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Different types of stretching and when to use them

Types of stretching and when to use them

While many people would prefer to do anything but a stretching or flexibility routine, it's nevertheless an important part of any fitness routine as it helps you improve flexibility, range of motion, and overall muscular health.

However, there are many different types of stretching and each has its benefits. So, it's important that you understand how to perform them, the differences between them, and, perhaps most importantly, when it's best to apply them in your training sessions.

But first...what happens when you stretch?

When you stretch, your body relies on proprioception, which is your body's ability to sense the position, movement, and orientation of your body parts in space.

During stretching, specialised receptors in your muscles, tendons, and joints called proprioceptors to send continuous sensory feedback to your brain, which allows you to accurately gauge the limits of a stretch.

Feedback loop between the stretching, sensory, and the brain.

One important proprioceptor involved in stretching is the Golgi tendon organ, which helps prevent you from overstretching muscles by triggering muscle relaxation when tension is too high.

Regularly including stretching in your programme can lengthen muscles, tendons (that connect muscle to bone), and fascia (connective tissue below the skin that supports tissues and organs). This will help improve flexibility and also releases endorphins, which can have a mood-boosting effect.

Types of stretching and when to use them

Before we talk about when to stretch let's quickly discuss how to stretch. Generally speaking, stretches should be held for around 30–60 seconds and you should continue to breathe deeply and slowly throughout them. You must listen to your body and learn to differentiate between discomfort and pain. If you ever feel the latter, you should immediately reduce or release the stretch.

Most if not all types of stretching fall within 4 categories with each being more or less suited to different phases of a training session or types of training. There is no "best type of stretching" for you, it will depend on your goals and needs.

Static stretching

This is the most common type of stretching to improve flexibility and it's suitable for almost everyone as it's safe and straightforward. It involves holding a stretch in a stationary position for around 30–60 seconds. Static stretching is best used during the cool-down phase of a training session when your muscles are already warm and you want to reduce muscle tension or soreness.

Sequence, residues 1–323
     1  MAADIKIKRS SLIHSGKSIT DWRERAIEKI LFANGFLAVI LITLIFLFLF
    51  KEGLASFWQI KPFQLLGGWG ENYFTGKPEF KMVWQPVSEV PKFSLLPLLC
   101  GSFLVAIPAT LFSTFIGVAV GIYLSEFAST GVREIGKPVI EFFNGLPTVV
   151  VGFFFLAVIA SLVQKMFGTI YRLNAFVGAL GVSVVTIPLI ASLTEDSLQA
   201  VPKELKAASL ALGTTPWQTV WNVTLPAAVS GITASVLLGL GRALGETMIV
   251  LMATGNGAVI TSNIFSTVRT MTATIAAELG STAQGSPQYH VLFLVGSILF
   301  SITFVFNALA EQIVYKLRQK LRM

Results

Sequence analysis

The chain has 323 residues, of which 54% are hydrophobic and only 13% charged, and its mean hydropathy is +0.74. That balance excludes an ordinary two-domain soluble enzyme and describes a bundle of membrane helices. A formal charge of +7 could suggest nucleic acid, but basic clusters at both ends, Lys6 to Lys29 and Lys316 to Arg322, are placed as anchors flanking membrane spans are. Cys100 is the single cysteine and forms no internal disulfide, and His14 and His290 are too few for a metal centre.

Examples of static stretching include hamstring stretch, quadriceps stretch, butterfly stretch, and chest openers.

Dynamic stretching

Most people unknowingly do dynamic stretching as part of a warm-up, which is the most appropriate phase of a training session to do them in. It involves moving parts of your body to gradually increase the range of motion and they are best performed after a light cardiovascular activity to get your blood flowing.

Dynamic stretches you perform should replicate the types of movements you will do in a training session or sport. It's a great way to prepare your muscles for activity and improve functional flexibility, especially if you're planning to perform high-intensity exercise.

Examples of dynamic stretching include leg swings, lunge with torso twist, plank walk-outs, and butt kicks.

Ballistic stretching

Ballistic stretching is commonly employed by athletes (under supervision) who have well-conditioned muscles. It involves bouncing and swinging movements to force body parts beyond their normal range of motion. Novice exercisers should avoid this as it can lead to injuries.

Ballistic stretching should be performed during the warm-up phase of a training session after proper cardiovascular activity to ensure muscles are more pliable.

Proprioceptive Neuromuscular Facilitation (PNF)

The complicatedly named PNF is an advanced form of stretching that combines static and isometric contractions, which is when there's no movement at the joint during a muscle contraction. It's most commonly practised after a proper warm-up and with the assistance of a resistance band or partner/therapist, who can provide proper guidance and instruction.

PNF is typically used to rehabilitate individuals from injuries who want to regain ranges of motion or functional abilities and by highly trained individuals seeking significant gains in flexibility.

A summary of static, dynamic, ballistic, and PNF stretching.

Putting it all together

Now that you understand the different types of stretching and when to use them, let's take a quick look at how you might apply them in a training session.

  • Warm-up: Begin with 5–10 minutes of dynamic stretching. Focus on movements that target the muscles and muscle groups you will use in the training session, which could include light repetitions of the exercises you'll perform.

  • Conditioning (the main exercises): Smash your training session and notice how much better your body responds now you're properly warmed up.

  • Cool-down: Finish with 5–10 minutes of static stretching. Perform stretches for around 30–60 seconds that target the muscles and muscle groups used during the training session.

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